that's the general procedure but there could be minor differences depending on the state. without knowing yours i can't advise further.

Wow , unbelievable so they can refuse to allow you to see a doctor because you don't give a statement and than make you wait weeks if you cant afford to pay for your own treatment while waiting for a judge to rule? Just seems really wrong ! I mean to ask for a statement is one thing to demand or auto deny the claim without it seems illegal to me . I am in New Jersey
 
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#6
"The employer's WC insurance carrier will evaluate the claim and determine if it's compensable under the WC law. They will contact the injured worker, the employer and the medical provider to make this assessment. If the claim is accepted, they will direct the injured worker to an authorized medical provider for treatment. "
http://lwd.dol.state.nj.us/labor/wc/work...index.html

you maybe confusing workers compensation with health insurance. it's a common misconception when the employer/payer starts asserting their rights.
Reminder :
........Each state has their own comp system; POST YOUR STATE to get accurate information. Use the search feature to find information from similar questions.
THANKS FOR POSTING.
 
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#7
(09-06-2017, 08:12 PM)1171 Wrote: "The employer's WC insurance carrier will evaluate the claim and determine if it's compensable under the WC law. They will contact the injured worker, the employer and the medical provider to make this assessment. If the claim is accepted, they will direct the injured worker to an authorized medical provider for treatment. "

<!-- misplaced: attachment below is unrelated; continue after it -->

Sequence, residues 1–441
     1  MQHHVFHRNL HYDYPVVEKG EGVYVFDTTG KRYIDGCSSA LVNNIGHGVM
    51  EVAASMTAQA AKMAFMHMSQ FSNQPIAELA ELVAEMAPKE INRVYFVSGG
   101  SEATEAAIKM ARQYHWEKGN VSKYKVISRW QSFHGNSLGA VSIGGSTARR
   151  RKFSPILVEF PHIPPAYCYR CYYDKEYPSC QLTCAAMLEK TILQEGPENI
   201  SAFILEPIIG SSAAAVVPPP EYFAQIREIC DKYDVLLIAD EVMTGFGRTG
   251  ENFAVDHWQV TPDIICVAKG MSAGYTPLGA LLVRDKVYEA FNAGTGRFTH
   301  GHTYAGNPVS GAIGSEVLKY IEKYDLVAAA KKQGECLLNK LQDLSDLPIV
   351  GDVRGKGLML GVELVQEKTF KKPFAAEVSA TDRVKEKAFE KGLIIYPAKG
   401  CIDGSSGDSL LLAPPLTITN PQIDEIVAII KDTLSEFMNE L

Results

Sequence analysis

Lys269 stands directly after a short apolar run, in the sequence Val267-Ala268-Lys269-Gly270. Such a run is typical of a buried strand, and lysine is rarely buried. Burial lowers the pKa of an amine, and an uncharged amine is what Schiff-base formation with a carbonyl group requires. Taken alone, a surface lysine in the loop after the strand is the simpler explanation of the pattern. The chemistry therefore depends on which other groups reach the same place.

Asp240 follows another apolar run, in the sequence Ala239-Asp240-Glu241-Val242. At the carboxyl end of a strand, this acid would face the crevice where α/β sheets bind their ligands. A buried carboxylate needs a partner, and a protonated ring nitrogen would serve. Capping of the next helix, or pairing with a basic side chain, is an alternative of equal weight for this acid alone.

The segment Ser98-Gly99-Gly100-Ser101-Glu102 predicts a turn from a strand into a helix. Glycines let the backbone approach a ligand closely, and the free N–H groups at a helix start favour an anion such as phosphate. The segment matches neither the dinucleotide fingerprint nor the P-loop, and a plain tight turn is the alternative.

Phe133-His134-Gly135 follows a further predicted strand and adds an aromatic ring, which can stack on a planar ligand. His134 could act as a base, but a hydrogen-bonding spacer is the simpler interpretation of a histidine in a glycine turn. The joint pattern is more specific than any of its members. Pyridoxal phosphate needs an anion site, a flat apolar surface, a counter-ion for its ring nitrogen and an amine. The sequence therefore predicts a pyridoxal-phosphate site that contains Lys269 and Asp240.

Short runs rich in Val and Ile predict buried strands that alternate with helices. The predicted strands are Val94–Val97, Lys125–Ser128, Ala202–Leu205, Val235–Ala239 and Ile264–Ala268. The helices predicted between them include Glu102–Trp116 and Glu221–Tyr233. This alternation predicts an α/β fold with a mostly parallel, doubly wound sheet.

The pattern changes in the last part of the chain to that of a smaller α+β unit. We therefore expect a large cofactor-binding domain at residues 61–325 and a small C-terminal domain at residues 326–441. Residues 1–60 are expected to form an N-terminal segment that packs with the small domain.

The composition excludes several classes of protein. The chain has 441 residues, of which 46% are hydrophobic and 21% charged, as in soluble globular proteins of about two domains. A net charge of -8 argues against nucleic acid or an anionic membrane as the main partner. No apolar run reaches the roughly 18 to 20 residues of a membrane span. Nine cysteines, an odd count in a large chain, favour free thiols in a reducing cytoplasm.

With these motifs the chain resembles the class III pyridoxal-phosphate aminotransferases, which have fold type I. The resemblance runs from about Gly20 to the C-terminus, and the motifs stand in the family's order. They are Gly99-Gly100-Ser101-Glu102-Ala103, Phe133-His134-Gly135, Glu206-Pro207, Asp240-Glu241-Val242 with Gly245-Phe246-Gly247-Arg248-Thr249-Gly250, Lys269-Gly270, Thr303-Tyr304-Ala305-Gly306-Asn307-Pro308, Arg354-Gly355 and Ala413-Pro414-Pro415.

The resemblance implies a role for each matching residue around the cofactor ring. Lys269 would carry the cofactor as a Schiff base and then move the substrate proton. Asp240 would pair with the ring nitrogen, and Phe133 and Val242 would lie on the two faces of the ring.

http://lwd.dol.state.nj.us/labor/wc/work...index.html

you maybe confusing workers compensation with health insurance. it's a common misconception when the employer starts asserting their rights.

I understand the employer has rights. I feel they also have an obligation to be truthful about their rights. To ask for a statement is 1 thing to demand a statement to process a claim seems illegal. Also to misinform the injured employee of their rights seems illegal If they said hey we would like a statement but you don't have to give it is one thing to say if you don't give a statement we wont file or review your claim seems to be another situation to me. It seems like they acted in bad faith I'm not a lawyer obviously and i appreciate you knowledge it just doesn't sit well with me
 
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#8
Maybe the "tone" of the conversation could have been better. Nobody likes to be threatened with consequences even if they are a likely result. A good attitude goes a long way in making a difficult situation better.
Reminder :
........Each state has their own comp system; POST YOUR STATE to get accurate information. Use the search feature to find information from similar questions.
THANKS FOR POSTING.
 
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#9
(09-06-2017, 08:39 PM)1313 Wrote:
(09-06-2017, 08:12 PM)1171 Wrote: "The employer's WC insurance carrier will evaluate the claim and determine if it's compensable under the WC law. They will contact the injured worker, the employer and the medical provider to make this assessment. If the claim is accepted, they will direct the injured worker to an authorized medical provider for treatment. "